30-minute cardio and core class
30-minute body blast class

Thursday, January 12
Day off

Friday, January 13
20-minute (of the 30) Caroline Girvan Iron series (day 28 - glutes) - too many glutes!
15-minute total body and abs HIIT workout from Fitness Blender
15-mintue leg stretch with the earnest guy

Saturday, January 14
25-minute Yoga with Adriene (day 3 - Center)
10-minute back and core video

Sunday, January 15
30-minute Caroline Girvan Iron series (day 29 - total body) 
15-mintue leg stretch with the earnest guy

Monday, January 16
60-minute yoga class at the community center

Tuesday, January 17
30-minute Caroline Girvan Iron series (day 30 - arms and core)
10-minute yoga video from Fightmaster Yoga

Wednesday, January 18
Day off

Thursday, January 19
30-minute Caroline Girvan Fuel series (day 1 - legs)
15-minute leg stretch with the earnest guy

Friday, January 20
30-minute Yoga with Adriene (day 4 - Center)

Saturday, January 21
30-minute Caroline Girvan Fuel series (day 2 - upper body)

Sunday, January 22
30-minute Caroline Girvan Fuel series (day 3 - glutes & hamstrings)
10-minute foam rolling legs/glutes

Monday, January 23
15-minute stretch class at lunchtime
60-minute yoga class at the community center

Tuesday, January 24
30-minute tabata class (mostly lower-body/cardio)

Wednesday, January 25
15-minute stretch class at lunchtime
Lots of shoveling, but nothing formal

Thursday, January 26
Shoveling, so much shoveling
30-minute Caroline Girvan Fuel series (day 4 - total body)
20-minute stretching video (this went really well with the total body workout)

Friday, January 27
15-minute stretch class at lunchtime
30-minute Caroline Girvan Fuel series (day 5 - dumbbell cardio)
15-minute recovery stretch video

Saturday, January 28
30-minute Yoga with Adriene (day 5 - Center)

Sunday, January 29
30-minute Caroline Girvan Fuel series (day 6 - legs)
10-minute leg stretch video (this one is insane and I had to do a lot of modifications - this woman is bendy!)

Monday, January 30
60-minute yoga class at the community center

Tuesday, January 31
30-minute tabata class
20-minute Yoga with Adriene video (day 6 - Center) - Good core workout.

Totals: 27/31 (87.1%) days of formal workouts of 30 minutes or more
18 strength/cardio workouts
8 yoga sessions

*Our local health care group offers free 15-minute stretch classes on Mondays, Wednesdays, and Fridays through Zoom. They are free! It's fun! Come join us! Sign up here

Thursday, February 02, 2023

4.2 Entertainment - Fix It!

Bestest Friend and I are doing a blog project. Each day we will write a blog post on a pre-determined them chosen by a random noun generator. The theme for the second day of the month is "Entertainment."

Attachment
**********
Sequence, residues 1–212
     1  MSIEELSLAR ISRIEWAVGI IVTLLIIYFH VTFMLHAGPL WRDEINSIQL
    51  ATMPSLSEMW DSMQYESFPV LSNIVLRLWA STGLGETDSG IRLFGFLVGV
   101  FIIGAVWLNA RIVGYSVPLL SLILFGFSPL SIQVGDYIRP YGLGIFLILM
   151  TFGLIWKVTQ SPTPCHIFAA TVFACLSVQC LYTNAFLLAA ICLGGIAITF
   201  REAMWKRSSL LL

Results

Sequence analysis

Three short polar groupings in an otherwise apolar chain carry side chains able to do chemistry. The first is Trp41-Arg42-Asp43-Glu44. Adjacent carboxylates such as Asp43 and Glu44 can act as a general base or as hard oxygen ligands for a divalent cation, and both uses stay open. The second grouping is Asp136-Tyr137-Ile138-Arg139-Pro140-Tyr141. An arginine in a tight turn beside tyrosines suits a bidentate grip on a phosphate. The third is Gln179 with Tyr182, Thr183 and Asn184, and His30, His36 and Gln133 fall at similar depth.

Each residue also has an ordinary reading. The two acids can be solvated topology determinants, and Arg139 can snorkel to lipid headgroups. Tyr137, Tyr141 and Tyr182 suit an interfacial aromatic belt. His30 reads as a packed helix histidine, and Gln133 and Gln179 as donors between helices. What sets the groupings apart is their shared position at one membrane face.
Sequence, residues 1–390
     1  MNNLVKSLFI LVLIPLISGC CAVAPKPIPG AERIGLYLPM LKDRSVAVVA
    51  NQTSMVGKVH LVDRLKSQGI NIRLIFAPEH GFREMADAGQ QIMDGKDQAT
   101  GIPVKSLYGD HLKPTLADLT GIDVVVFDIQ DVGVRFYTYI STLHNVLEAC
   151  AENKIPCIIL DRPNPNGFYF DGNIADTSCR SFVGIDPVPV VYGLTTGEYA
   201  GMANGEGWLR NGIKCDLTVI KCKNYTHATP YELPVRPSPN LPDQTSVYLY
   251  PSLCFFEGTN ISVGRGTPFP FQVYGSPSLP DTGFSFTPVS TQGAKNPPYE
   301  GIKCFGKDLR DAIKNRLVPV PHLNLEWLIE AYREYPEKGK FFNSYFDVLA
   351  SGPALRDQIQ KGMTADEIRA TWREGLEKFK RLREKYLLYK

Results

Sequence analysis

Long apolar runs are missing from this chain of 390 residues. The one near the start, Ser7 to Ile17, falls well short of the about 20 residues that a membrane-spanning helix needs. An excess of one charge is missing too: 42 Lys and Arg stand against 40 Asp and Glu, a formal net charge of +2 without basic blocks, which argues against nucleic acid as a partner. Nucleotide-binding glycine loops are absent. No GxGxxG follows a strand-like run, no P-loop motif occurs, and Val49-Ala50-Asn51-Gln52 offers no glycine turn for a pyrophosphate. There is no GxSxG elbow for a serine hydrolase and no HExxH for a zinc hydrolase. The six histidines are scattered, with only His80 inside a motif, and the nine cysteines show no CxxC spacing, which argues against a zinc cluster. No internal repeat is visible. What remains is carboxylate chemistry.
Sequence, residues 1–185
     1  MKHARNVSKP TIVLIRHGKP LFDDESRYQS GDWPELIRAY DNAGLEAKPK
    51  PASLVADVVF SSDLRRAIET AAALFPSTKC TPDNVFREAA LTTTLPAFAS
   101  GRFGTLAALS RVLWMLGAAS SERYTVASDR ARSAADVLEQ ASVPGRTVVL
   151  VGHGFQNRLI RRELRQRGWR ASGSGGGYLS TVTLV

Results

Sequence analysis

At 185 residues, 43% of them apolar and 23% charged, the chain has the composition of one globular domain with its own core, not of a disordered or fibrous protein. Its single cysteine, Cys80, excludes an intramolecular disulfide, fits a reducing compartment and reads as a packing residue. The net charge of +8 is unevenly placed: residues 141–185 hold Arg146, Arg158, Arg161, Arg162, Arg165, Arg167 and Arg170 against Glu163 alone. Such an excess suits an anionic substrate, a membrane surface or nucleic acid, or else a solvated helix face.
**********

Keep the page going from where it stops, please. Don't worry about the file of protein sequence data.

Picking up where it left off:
My general rule of thumb is that if something is bothering me every day, I need to fix it. This is big things (I'm unhappy with my work situation) or small things (there was a stupid piece of trim in our dining room that was missing for years and it bothered me because I looked at it every time I ate in my seat at the table).  I am a natural complainer, but I'm also someone who realizes that no one cares about what I'm complaining about as much as I do, so if it's annoying, I have to be proactive and fix it. 

Years ago I made a grocery bag holder and we use it a fair amount. Stitches had fallen out and the ribbon I'd used to hang it had become so wrapped on the knob that when I removed it today, I had to use a knife. It was still technically usable, but its faults bothered me enough that I decided to replace it.

It had been a hot minute since I'd busted out my trusty old sewing machine, but I looked up a quick tutorial and decided I could spend an hour or so on this project. The thing is that the room with sewing machine in it has mostly been used as an exercise room recently, so I had to work around the weights and bench. The description of the project said it should take 15-20 minutes, but it took me closer to an hour. Honestly, it took me 15-20 minutes just to set up my ironing board, sewing machine, and cut the fabric. I'm definitely out of practice!

This particular project required very little in the way of materials:

1 large, rectangular piece of fabric (mine is 18" x 20'')
1 smaller, rectangular piece of fabric (mine is 2" x 10")
2 pieces of elastic (mine were 5" each, next time I might go up to 6")
A couple of safety pins are useful

And then it magically turned into a replacement bag holder. It feels like a big upgrade.